Should you file for bankruptcy in Minnesota?
If you are living paycheck to paycheck because of debt, then maybe you are thinking about filing for bankruptcy as an option to get out of debt.
When trying to decide if filing for bankruptcy in Minnesota is the right way to go, these are the 10 questions that you should ask yourself.
1. What is the nature of your debt problem?
Depending on your situation, your debt may be high, but you may have a high income and valuable assets that you could sell to service your debts.
- If you are making more than most people, then bankruptcy is not necessarily the right option
- Sometimes it can better to lower your expenses and pay everything off
It may surprise you to learn I have filed lots of bankruptcy cases for people in Minnesota who make more than $100,000 per year.
2. Are you a high earner?
There are many ways that filing for bankruptcy can save you money and make your finances easier to deal with, even if you are a high earner.
Perhaps you are in debt due to:
- A recent divorce
- Periods of unemployment
- A medical condition
- Working fewer hours to care for family
And have debts of just a few thousand dollars.
Your debt may be lower than many people who are considering filing for bankruptcy in Minnesota, however you might not have any money available after paying your:
- Car payment
And so you are really struggling to pay off your credit card bill and other debts.
- There is no legal minimum required to file for bankruptcy in Minnesota, but there are other eligibility requirements
- The Chapter 7 Means Test can help determine if you should file for bankruptcy in Minnesota
3. Do you owe enough to file for bankruptcy?
I find that bankruptcy is most useful to people who have at least $5,000 in debt.
Most of my clients have $10-$50,000 in dischargeable debt, but I have seen people with all sorts of debt situations.
Don’t worry, I won’t judge you.
- It is my goal to help you get out of debt and back to a normal financial life
4. What if you do nothing about your debts?
You’ll need to think about what will happen if you do nothing.
- Will your problems go away?
- Will you earn more money and be able to pay your debts off sooner?
- Will you come by some money and be able to repay your debts
If your income is about to increase, or you are about to get a large inheritance, then filing for bankruptcy in Minnesota is not as great an option.
You would be amazed, however, as Walker & Walker Law Offices has had lots of success in protecting peoples’ inheritances after bankruptcy.
5. Have you spoken to your creditors
You could also try speaking with the loan companies and the debt collectors.
Sometimes they are willing to work with you. My experience is that usually they are not.
They want money now, and will spend more time trying to get you to borrow the money from your family than on lowering interest rates and negotiating payment plans.
6. What about the Statute of Limitations?
Think that the Statute of Limitations might help you? Think again.
If you don’t know the time period to collect a debt in Minnesota, you’ll be astonished to learn it could be 26 years.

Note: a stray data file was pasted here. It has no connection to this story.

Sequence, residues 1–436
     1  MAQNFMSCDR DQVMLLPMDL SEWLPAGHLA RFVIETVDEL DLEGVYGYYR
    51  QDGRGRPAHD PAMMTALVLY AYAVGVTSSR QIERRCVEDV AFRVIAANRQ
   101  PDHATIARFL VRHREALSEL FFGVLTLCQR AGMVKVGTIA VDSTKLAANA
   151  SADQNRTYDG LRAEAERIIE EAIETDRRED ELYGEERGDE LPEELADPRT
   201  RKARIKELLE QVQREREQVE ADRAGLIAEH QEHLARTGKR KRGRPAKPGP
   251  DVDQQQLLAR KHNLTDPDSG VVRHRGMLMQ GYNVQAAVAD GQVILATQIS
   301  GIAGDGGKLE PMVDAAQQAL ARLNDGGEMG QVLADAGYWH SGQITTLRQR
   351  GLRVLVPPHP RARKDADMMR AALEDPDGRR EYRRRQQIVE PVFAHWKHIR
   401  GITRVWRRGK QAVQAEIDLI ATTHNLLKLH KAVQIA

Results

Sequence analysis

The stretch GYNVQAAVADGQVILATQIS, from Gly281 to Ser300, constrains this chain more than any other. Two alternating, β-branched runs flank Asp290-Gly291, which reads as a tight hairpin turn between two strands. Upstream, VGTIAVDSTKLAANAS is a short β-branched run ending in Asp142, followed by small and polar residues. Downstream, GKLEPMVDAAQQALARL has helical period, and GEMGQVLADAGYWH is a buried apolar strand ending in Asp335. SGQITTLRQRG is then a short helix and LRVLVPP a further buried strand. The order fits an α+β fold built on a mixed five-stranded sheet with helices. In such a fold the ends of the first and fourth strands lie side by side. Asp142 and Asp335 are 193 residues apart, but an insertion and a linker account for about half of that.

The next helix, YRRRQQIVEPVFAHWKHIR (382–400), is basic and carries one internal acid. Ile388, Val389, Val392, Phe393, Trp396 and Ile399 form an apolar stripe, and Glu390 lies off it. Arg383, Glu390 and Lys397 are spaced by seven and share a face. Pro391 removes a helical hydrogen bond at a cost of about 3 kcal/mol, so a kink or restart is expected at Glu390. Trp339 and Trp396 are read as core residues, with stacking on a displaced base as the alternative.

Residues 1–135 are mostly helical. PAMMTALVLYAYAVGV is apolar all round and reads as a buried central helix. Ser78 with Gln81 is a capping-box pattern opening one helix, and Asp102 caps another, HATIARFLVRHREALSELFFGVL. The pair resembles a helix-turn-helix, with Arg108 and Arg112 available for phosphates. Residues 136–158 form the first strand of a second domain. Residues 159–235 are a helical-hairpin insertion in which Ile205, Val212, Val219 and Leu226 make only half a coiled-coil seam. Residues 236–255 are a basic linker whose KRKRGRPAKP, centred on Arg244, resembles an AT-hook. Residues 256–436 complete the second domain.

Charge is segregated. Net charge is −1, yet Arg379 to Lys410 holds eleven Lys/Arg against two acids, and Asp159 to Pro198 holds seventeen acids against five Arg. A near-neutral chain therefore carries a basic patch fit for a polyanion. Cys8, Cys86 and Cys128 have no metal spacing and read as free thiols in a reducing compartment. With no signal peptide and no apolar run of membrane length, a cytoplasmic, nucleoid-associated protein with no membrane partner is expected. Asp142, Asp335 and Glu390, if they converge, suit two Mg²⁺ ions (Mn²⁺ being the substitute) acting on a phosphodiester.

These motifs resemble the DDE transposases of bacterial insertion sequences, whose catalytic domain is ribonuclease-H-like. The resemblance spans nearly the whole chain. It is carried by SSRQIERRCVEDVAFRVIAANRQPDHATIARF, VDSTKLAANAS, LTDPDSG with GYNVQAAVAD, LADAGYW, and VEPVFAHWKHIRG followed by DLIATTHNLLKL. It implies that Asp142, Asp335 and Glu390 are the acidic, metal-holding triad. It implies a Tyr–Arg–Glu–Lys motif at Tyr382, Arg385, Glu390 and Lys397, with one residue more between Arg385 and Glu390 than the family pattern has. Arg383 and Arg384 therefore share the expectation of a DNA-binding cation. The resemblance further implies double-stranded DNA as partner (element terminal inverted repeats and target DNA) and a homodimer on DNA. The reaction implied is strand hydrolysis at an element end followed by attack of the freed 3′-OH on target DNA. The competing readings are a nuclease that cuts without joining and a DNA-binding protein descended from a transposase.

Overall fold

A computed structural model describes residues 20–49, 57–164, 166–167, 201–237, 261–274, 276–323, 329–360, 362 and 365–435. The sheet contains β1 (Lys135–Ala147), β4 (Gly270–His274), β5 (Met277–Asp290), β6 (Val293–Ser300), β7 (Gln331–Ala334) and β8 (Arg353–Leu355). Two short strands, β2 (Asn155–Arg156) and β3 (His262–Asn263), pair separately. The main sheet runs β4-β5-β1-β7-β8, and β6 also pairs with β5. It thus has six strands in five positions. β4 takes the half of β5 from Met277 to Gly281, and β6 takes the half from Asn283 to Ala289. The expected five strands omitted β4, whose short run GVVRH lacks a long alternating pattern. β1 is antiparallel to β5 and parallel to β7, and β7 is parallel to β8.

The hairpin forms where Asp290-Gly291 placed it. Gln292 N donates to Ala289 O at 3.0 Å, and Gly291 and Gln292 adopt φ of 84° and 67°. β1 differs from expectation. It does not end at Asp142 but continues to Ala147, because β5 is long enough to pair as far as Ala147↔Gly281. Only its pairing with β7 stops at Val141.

7. What about credit counselling?
There are many credit counselling services in Minnesota, which can help you manage your money better, and perhaps find solutions to your current financial problems.
Depending on your circumstances, a credit counselling service could help you get out of debt. They will certainly be able to help show you how you got into debt.
It is often the result of a misfortune like:
- Job loss
- Medical problem
My experience is that typical bankruptcy clients already know why they got into debt, and it’s not deliberately overspending or a lavish lifestyle.
8. What about debt consolidation?
We’ve spoken several times before about debt consolidation companies, and why they’re often a bad idea.
Here’s a recap:
- How do debt consolidation companies operate?
- Hiring a bankruptcy lawyer is often better than working with a debt consolidation company
- Be slow to trust a debt management company
As you can see, in our experience, debt consolidation companies often do not have your best interests at heart, and your creditors have no legal obligations to accept less than 100% of your debt.
In addition, you might owe taxes on the debts that are forgiven, and your creditors may still send your account to collections, and can even garnish your wages.
Using a debt consolidation company can mean it takes many years to pay off your debt.
9. What about bankruptcy?
If credit counselling can’t help you, and you understandably don’t want to work with a debt consolidation company, then filing for Chapter 7 Bankruptcy or Chapter 13 Bankruptcy in Minnesota is usually your best option.
There are many benefits when you file for bankruptcy in Minnesota, such as:
- Your creditors don’t have to agree to a settlement
- Your creditors don’t decide whether your bankruptcy is successful
- Your creditors only get the assets that aren’t exempt (protected) – often nothing
- You are protected from judgments and garnishments for most of the bankruptcy process
- It is faster
- Your credit recovers faster. Debt settlement takes years and lots of money. You will have bad credit because of missed payments that whole time. People often have a 720 credit score only two years after Chapter 7 Bankruptcy
10. Do you want to be debt free?
Despite what you might have read, or your own pre-conceived ideas there is no stigma attached to bankruptcy.
Your employer, friends, and family won’t know about it unless you tell them.
If you can get out of debt, why wouldn’t you?
We can help you.